Terracotta as a Favourite Medium
Terracotta was the favoured material to create statuettes of modest size all the way from the Archaic Period up until the Late Hellenistic Period. Such statuettes became extremely popular in Antiquity, and have been recovered across all the Mediterranean area. Most of the Ancient Greek and Roman terracotta figurines were moulded. This proved to be very convenient, as once a mould was created, it could replicate the same design for many dozens of times, until it wore out.
The first step into the making of a figurine was to make an archetype from which a number of moulds may be taken. The archetype was generally modelled by hand in clay. If the figurine featured complex details, such as projecting limbs or intricate details on the head, these would be cut off the archetype and fired separately in order to act as the basis for a separate mould. Moulds could be made in either plaster or clay, they were applied on the archetype until the required thickness was reached. They were left to dry and then they were cut into two or more sections. Usually for the human form the two sections were front and back, whether for animals the two sides were possibly favoured. A third section could be produced for intricate surfaces, such as elaborate garments on female figurines.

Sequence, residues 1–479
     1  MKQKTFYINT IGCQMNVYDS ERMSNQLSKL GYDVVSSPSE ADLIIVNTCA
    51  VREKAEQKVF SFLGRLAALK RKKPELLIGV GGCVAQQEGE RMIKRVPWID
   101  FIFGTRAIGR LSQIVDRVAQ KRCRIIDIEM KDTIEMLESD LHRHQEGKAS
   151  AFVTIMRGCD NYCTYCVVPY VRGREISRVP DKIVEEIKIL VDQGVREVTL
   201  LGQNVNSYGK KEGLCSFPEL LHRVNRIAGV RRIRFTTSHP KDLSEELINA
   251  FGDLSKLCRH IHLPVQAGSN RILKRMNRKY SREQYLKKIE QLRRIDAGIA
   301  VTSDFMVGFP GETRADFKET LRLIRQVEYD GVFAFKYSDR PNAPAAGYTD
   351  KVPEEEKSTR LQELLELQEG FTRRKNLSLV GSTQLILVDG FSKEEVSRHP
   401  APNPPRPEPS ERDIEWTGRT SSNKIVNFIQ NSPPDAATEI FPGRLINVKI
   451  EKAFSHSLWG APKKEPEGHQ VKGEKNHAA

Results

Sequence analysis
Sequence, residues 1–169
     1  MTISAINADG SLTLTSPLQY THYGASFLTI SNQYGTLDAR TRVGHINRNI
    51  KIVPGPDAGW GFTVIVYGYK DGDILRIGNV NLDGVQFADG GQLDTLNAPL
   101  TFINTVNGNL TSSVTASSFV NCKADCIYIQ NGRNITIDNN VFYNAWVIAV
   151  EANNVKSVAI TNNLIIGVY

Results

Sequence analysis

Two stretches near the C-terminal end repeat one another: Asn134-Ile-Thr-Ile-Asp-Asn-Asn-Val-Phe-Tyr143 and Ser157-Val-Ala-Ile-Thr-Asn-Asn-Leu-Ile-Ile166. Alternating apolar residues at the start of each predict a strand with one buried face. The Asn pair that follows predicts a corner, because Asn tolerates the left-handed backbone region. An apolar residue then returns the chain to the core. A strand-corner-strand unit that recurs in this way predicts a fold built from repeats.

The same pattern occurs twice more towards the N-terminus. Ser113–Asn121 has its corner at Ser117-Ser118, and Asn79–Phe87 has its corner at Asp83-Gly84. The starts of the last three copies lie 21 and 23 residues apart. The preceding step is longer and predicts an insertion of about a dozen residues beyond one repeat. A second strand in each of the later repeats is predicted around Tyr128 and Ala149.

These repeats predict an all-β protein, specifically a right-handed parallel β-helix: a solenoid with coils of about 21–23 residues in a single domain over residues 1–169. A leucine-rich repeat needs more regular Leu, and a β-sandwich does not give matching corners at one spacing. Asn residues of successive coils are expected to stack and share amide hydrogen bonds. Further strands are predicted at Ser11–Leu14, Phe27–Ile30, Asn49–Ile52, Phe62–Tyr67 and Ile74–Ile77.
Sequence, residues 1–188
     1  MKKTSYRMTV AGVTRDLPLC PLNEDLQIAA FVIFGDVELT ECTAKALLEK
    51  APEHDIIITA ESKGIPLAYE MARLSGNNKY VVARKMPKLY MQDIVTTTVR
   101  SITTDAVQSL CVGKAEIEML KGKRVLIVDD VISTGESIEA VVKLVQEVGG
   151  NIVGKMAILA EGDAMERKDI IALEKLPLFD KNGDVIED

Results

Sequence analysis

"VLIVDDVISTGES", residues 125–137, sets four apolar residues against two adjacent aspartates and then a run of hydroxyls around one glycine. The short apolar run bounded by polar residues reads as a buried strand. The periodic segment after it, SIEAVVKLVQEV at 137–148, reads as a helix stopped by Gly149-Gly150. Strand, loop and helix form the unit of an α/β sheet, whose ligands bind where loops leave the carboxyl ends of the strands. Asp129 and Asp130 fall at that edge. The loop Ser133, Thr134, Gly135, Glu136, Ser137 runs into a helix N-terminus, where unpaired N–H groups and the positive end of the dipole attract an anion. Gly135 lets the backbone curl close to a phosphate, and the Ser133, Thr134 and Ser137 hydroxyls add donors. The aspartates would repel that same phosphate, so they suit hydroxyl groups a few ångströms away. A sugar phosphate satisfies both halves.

Painting and Firing
After the removal, the moulds were touched up if flawed and finally fired. Plaster moulds offered the advantage of a being easier to make and also offered better adherence, but were more frail than their clay counterparts and could only offer a life span of fifty to one hundred uses. Now having the two half moulds, the craftsman would have dusted them with a little powdered chalk and would have pressed wet clay to a certain thickness, doing the same on the other mould and then joining the two halves trough the aid of slip. Once the clay was dry, the moulds were removed, details enhanced or added, projecting limbs attached and a hole for ventilation was cut out either in the back or at the base of the figurine. The maker’s mark could be impressed at this point. Finally, either the whole statuette or simply the front would be covered in a layer of white slip, which acted as the basis for the following painted decoration and now the figurine was ready to be fired.